Source: (2013) Journal of Legal Education.63:673-688.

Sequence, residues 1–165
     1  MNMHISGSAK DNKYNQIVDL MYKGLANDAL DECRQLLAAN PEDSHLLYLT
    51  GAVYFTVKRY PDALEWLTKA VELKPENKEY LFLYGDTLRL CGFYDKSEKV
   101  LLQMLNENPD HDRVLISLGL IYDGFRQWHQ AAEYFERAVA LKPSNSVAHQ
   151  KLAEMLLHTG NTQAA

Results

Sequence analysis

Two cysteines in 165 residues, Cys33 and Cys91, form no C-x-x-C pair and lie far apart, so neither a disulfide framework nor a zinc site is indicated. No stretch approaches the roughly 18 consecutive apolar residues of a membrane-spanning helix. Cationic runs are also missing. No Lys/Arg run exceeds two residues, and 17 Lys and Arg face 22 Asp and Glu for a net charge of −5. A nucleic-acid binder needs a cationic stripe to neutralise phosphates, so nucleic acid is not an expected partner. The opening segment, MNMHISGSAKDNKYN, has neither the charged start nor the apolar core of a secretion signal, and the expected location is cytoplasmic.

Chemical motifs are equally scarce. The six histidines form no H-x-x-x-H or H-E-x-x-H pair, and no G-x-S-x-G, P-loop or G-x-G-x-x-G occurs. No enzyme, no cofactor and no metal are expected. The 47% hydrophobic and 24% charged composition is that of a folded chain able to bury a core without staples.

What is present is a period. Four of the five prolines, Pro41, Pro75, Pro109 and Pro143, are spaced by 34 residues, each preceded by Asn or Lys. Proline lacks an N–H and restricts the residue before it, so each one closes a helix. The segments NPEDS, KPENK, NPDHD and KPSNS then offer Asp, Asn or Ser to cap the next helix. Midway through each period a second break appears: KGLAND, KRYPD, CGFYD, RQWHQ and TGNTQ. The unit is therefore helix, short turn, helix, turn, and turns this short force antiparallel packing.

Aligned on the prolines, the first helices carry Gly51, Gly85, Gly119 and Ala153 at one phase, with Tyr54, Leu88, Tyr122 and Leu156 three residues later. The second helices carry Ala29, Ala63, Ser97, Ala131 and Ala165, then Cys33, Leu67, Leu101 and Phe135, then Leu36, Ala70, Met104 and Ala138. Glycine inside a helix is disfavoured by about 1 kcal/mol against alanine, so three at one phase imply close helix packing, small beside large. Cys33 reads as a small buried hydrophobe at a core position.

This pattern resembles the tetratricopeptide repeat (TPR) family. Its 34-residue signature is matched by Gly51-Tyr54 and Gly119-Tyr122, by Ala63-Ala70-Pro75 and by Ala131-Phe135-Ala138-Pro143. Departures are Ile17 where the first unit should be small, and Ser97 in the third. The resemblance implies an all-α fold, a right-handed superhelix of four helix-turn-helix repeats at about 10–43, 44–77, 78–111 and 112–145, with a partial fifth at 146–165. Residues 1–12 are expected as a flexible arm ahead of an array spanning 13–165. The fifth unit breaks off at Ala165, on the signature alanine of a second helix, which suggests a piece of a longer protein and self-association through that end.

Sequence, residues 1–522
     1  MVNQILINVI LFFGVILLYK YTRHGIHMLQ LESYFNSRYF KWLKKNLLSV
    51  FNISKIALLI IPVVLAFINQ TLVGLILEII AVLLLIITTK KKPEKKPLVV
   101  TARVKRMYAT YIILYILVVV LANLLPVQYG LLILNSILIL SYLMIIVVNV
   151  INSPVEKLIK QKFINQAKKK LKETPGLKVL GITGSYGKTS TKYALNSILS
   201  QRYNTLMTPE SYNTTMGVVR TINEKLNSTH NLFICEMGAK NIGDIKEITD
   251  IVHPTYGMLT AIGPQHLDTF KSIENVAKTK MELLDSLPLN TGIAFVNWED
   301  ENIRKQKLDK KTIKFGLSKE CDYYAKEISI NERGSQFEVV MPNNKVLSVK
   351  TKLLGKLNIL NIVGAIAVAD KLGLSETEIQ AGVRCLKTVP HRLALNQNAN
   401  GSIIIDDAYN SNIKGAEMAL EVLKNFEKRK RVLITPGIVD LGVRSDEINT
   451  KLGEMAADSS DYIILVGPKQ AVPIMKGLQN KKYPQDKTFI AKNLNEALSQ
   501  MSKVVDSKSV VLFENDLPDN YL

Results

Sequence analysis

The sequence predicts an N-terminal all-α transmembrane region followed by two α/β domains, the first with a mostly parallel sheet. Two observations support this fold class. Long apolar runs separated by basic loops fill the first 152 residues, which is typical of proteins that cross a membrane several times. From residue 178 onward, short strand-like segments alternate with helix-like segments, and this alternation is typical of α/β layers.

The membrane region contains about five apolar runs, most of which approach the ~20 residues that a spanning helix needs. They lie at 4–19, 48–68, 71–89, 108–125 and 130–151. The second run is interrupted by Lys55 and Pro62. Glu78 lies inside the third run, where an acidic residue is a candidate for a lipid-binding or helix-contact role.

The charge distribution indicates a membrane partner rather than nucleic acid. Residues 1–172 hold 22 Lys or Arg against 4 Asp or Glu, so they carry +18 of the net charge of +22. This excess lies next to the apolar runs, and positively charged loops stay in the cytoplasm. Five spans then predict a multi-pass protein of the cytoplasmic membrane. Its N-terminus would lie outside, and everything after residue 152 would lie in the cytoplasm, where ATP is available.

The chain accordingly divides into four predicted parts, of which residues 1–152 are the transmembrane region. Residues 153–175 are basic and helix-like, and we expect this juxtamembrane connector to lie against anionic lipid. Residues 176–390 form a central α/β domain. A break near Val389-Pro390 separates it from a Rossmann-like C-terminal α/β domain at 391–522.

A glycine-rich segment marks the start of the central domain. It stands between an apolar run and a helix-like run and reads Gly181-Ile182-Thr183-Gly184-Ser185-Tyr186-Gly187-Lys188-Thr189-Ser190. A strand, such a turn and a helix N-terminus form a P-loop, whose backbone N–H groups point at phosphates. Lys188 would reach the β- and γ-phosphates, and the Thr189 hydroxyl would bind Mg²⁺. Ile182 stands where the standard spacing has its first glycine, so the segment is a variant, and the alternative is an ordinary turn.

Among our efforts is participating in and providing support to the development of the restorative justice movement, a remarkable attempt to shift the framework of the criminal law away from identifying the crime, finding the wrong-doer, and punishing him or her-the traditional model which presupposes that a crime is the act of a detached individual against the State-to one that fosters direct victim/ offender encounters which seek to encourage people who cause harm to address directly the suffering of their victims. The point is to bring intersubjective concreteness to the infliction of human suffering in a way that makes a call upon those who inflict harm to take responsibility for it, to apologize for it and provide restoration, if possible, for the harm, and in some circumstances to be forgiven for it and to be reintegrated wherever possible into the community.(excerpt)